Stoke Albany

Pages 136-138

An Inventory of the Historical Monuments in the County of Northamptonshire, Volume 2, Archaeological Sites in Central Northamptonshire. Originally published by Her Majesty's Stationery Office, London, 1979.

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(OS 1:10000 a SP 78 NE, b SP 88 NW)

The long, narrow parish covers 690 hectares, immediately N. of Desborough. The S. part is on an almost level, Boulder Clay plateau between 122 m. and 137 m. above OD. To the N. the down-cutting of a number of small N. and N.E.-flowing streams has exposed large areas of limestones, clays and silts between 73 m. and 122 m. above OD. In the extreme N. the land rises again to a Boulder Clay upland with a maximum height of 110 m. above OD. No prehistoric or Roman finds have been made in the parish but three of the remaining medieval and later earthwork sites (1–3) are very well preserved.

Medieval and Later

b(1) Site of Watermill (SP 810881; Fig. 121; Plate 9), in the bottom of a steep-sided valley, against the Wilbarston parish boundary, on clay at 85 m. above OD. The main feature is a large earthen dam, some 3 m. high, which spans the valley W. of the existing stream. This dam has a gap near its E. end, and limestone rubble is exposed in the sides, presumably where the mill-wheel stood. Beyond, to the N., is a broad channel, undoubtedly the mill-race, which runs for some 60 m. before joining the stream. At the W. end of the dam is another channel which probably carried surplus water around the mill. Above the dam is a large trapezoidal pond, the interior of which is largely occupied by a triangular island with a circular mound 1.5 m. high at its apex. Such islands have been noted elsewhere (see Braybrooke (1) and Walgrave (8), and Sectional Preface, p.lx). Traces of an inlet channel exist beyond the S. corner of this pond, and there is a gap in the S.E. corner which may also have provided an entrance for water. To the S. again the modern road (A 427) crosses the valley on an embankment which has obscured the original course of the stream. The field to the S. of this, in Wilbarston parish, was known as The Dam in 1815 (Map of Wilbarston in NRO). The site has been described as a set of fishponds, but its use as a mill is more likely (Northants. P. and P., 4 (1971), 309–10, listed as Wilbarston; CUAP, AZS 70; RAF VAP CPE/UK/2109, 4274–6; air photographs in NMR.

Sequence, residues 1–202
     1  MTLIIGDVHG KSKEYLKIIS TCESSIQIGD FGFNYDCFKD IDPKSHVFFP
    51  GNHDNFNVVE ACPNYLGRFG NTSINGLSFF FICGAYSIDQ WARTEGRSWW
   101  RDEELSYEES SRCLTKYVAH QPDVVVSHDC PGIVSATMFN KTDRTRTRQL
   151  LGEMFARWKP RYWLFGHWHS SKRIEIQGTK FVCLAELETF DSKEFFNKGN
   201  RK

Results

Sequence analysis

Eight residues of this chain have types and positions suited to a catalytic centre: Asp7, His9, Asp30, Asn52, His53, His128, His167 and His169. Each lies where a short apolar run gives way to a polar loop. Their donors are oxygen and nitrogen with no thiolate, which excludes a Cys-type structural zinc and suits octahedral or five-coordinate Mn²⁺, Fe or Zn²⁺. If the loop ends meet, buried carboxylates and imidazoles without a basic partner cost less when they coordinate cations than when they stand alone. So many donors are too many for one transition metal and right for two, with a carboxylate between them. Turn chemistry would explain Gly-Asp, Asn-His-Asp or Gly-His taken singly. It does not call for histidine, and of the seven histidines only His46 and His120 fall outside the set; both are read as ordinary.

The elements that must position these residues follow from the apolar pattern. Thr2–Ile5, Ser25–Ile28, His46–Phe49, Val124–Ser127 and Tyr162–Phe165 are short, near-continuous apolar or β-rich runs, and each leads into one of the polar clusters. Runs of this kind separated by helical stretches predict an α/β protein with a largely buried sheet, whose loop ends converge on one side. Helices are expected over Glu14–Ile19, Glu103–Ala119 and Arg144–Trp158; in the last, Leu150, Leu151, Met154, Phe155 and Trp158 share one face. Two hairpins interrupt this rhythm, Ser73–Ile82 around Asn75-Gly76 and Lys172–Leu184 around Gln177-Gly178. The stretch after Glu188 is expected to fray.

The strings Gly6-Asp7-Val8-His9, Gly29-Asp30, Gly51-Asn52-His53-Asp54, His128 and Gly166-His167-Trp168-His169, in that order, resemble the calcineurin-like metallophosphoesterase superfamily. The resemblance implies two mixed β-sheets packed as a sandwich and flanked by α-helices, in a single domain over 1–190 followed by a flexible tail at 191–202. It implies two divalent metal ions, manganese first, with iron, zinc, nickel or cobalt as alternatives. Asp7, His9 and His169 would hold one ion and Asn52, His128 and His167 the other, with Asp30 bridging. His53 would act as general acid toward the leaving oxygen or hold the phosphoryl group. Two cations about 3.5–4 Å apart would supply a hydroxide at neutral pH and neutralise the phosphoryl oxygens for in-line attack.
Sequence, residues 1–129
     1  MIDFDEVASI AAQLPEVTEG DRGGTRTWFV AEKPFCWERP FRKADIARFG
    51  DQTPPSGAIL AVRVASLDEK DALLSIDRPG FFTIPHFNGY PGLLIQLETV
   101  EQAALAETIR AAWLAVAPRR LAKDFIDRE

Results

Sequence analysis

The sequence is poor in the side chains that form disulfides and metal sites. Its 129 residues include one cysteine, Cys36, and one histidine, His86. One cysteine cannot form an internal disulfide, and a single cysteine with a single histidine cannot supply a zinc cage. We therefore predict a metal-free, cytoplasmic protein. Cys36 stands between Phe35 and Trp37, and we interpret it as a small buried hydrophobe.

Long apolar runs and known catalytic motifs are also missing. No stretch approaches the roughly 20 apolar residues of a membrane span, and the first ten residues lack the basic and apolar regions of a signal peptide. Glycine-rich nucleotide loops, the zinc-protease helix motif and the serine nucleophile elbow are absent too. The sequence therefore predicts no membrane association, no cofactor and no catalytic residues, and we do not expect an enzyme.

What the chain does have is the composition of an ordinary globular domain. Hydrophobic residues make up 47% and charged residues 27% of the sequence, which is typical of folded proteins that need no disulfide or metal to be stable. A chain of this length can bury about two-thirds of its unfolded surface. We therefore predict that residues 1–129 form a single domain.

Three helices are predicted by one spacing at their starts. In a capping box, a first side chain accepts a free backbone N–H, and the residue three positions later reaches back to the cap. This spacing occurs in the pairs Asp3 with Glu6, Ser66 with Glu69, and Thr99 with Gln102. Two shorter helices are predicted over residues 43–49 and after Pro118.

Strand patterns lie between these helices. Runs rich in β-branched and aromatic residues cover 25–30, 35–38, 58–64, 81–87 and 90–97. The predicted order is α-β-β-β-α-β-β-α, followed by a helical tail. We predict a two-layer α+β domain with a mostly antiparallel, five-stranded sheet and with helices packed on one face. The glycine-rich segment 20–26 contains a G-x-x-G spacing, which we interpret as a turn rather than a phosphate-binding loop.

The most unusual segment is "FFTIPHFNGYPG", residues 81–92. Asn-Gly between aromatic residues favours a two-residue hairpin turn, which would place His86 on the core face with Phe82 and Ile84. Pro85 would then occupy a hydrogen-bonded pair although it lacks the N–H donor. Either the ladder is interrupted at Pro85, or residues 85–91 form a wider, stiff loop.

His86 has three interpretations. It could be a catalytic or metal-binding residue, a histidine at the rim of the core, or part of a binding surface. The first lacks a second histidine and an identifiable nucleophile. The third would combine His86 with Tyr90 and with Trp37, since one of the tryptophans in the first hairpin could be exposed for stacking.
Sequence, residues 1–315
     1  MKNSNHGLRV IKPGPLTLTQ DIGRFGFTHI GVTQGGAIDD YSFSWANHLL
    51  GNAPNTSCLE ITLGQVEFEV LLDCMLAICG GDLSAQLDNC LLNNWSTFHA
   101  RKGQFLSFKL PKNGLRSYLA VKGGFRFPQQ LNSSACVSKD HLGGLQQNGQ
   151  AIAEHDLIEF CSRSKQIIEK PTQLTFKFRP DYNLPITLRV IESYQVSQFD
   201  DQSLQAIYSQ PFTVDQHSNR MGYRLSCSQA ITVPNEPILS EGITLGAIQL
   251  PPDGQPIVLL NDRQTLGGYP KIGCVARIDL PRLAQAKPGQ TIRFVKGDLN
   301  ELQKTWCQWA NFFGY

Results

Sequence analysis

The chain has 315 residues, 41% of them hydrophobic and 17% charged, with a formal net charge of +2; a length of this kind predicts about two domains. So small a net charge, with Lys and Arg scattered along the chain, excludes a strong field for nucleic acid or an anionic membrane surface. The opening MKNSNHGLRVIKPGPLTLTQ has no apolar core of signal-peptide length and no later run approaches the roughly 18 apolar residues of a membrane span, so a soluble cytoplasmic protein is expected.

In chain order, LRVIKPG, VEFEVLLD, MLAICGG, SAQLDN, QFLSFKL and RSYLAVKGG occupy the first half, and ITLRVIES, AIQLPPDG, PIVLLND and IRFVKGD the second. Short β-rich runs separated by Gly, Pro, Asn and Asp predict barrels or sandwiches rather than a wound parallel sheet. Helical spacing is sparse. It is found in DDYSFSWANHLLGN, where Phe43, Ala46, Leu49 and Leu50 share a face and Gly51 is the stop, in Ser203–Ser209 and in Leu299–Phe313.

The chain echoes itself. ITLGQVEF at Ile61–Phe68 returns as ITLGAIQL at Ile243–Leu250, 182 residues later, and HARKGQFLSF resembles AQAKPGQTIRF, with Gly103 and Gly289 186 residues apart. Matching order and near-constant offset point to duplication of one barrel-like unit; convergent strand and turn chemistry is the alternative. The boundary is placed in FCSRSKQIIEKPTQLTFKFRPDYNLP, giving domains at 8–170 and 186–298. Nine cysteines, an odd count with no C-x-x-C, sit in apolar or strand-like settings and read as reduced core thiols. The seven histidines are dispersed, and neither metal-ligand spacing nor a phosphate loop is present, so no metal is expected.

b(2) 'Moat' and Fishponds (SP 807883– 808878; Fig. 122; Plate 10), in the bottom of a steepsided valley, immediately E. of the village, on clay between 76 m. and 91 m. above OD.

Immediately S. of the main Stoke Albany—Wilbarston Road (A 427) there is a large sub-rectangular pond, with an earthen dam up to 3.5 m. high on its N. side. The dam is now broken in the centre to allow the modern stream to pass through. An overflow channel at the E. end of the dam allowed the ponded-up water to flow into the next section, where water ran into two channels. To the E. it passed along a broad water-course and into the ditch surrounding a small moated site. The island within the moat is rectangular, 2.5 m. above the bottom of the ditch, and has no interior features. Whether this is a true moat or an island constructed for some other purpose is unknown. To the W. the water flowed past the island in a channel which now contains the modern stream. The water from the moat passed either back into this channel through a gap in the N.W. corner or into a rectangular embanked pond to the N. Thereafter all the water ran into a large, irregular, shallow pond, dammed at its N. end by a low bank 1.5 m. high. There is a small, rectangular pond at the W. end of the main pond. The dam has been broken at the centre. The present stream flows obliquely across the large pond and passes, in an artificial cut, under the modern road towards the earthworks further N. (3).

All the remains are undoubtedly part of the manorial complex of Stoke Albany and are associated with the existing medieval manor house to the W. They are certainly those referred to in the early 13th century when William d'Aubigny, who then held the manor of Stoke Albany, was granted ten small pike and ten small bream from the fishpond at Rothwell (Rothwell (7)) to stock his fishpond at Stoke (Cal. Close 1231–34, 157, 209; Northants. P. and P., 4 (1971), 302, 308–9). The fields in which the earthworks lie were known as Hall Close and Home Close in 1802 and 1841 (NRO, Map of Part of Stoke Albany and Tithe Map).

At the extreme N. of the site, N. of Lower Road and E. of the Rectory are more earthworks, alongside the bed of the original stream. They consist of a rectangular area bounded on the N. and W. by a low bank, with an external ditch on the W. Low scarps in the interior suggest that it is the site of a building.